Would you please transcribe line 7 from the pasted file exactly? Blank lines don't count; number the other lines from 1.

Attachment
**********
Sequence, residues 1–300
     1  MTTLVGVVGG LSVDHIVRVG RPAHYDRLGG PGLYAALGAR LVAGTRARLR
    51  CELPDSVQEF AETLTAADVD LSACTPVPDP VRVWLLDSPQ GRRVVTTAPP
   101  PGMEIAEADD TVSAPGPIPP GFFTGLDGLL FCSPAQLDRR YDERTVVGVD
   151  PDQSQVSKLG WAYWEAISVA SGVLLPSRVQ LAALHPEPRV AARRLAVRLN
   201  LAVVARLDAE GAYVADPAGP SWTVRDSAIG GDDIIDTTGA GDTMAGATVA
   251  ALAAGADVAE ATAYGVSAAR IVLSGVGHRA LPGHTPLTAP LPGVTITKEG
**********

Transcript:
   251  ALAAGADVAE ATAYGVSAAR IVLSGVGHRA LPGHTPLTAP LPGVTITKEG